N. ocellatus are harem breeders. One male will take up to five females for its breeding partners. The females start by selecting the best shell for their needs and clean it, inside and out. The next step is that the female will then cover the top of the shell with sand so that it looks like an opening only within the sand. The female, once content with her breeding shell, will then lay all her eggs into the deepest part of the shell. The male will then enter into the shell and fertilize all the eggs. Once he is finished fertilizing the eggs, he will vacate the breeding shell and leave the female’s territory very fast or risk getting beat up. The female will post her guard station right outside the shell and will almost never leave this spot. Anything that comes near her shell and her newest spawn will meet almost certain doom. As I mentioned earlier, I have had proof of this aggression as I have lost a fully grown, four-inch Julidiohromis ornatus to a one-inch N. ocellatus female that was protecting a shell with her eggs within it. Needless to say, I came home from work to find the dead J. ornatus right beside the N. ocellatus shell. It was quite a lesson to learn indeed!

After a three-day gestation period, fry will start to emerge from within the depths of the shell. These fry will be free-swimming within two days from what I have experienced. It seems that they just wobble around the bottom of the shell to get some movement and try to start swimming. It’s all practice for the newly hatched fry. The female will care for these fry for up to two weeks; after that time frame the fry must leave and find a new home or they can stay within the shell and risk getting eaten. I have noticed that in some instances that the female is very tolerant of her fry and will let them stay for an extra two weeks in her shell.

So how exactly do you tell the difference between a male and female N. Ocellatus? This is fairly simple to do in a mature fish. Females have a white edging along the top of their dorsal fin whereas the males do not. This is one of the easiest ways to tell. The other, not-so-common way to tell the difference is the size factor. Male N. ocellatus will get to be upwards of 2.5 inches in length where a female will get to be a maximum size of 1.5 inches.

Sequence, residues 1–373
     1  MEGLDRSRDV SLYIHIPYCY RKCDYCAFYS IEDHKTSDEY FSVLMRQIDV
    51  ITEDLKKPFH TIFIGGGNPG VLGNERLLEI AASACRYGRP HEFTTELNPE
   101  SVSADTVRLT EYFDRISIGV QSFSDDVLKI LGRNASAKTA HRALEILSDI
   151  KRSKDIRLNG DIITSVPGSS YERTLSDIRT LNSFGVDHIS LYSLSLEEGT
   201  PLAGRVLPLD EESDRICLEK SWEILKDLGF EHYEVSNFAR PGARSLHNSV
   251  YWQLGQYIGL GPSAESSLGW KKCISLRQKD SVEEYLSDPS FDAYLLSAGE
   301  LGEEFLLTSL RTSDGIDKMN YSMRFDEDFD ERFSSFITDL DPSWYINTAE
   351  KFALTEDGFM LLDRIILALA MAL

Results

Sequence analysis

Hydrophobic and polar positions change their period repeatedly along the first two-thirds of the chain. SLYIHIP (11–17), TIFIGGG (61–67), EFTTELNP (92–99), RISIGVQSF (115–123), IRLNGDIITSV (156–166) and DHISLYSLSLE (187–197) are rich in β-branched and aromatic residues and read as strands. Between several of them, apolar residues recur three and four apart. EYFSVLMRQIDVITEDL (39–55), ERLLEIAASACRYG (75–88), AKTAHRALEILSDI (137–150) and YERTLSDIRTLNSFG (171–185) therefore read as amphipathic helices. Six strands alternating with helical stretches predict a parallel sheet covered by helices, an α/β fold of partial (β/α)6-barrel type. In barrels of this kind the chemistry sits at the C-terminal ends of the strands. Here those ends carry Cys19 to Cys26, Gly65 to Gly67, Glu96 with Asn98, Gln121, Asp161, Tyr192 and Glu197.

I mentioned earlier that these fish have lots of personality and attitude, so let me explain. To watch these fish is interesting, to say the least. No matter how many shells you have to separate the territories, there will constantly be battles and territory shifts between all the fish. Females constantly go to other female’s territories and completely fill in the shell entrances of the opposing females. It doesn’t matter if the female is in the shell or not – the intruding female will do her best to cover the entrance of the shell as fast as possible without getting into a fight. The males will do the same as the females if you happen to have multiple males in a large enough tank. Now I have seen many African Cichlid tanks and I have seen many battles but I have never seem the ferocity of battles or frequency of battles as I have with my N. ocellatus tank.

The last question I usually get asked is, “Just how many fish can I keep in my small aquarium?” Well, as a general rule of thumb, a 10 gallon will house one male and one female. If you go up to a 15 gallon, you can house one male and two females. The best ratio I have seen is one male to four females. You can do the math but each one of these fish requires 5 gallons of volume per fish. The reason is for the aggressive nature that these guys exhibit towards one another. You can keep other fish in these areas such as Synodontis petricola but do have the proper areas and structures for the other fish to escape from the wrath of the N. ocellatus. All in all, if you have a small tank laying around, check these guys out — I don’t think that you will be disappointed!


Last update: 2006-02-02 14:27
Author: SerLunchbox

Filed under Fish Profiles, Freshwater.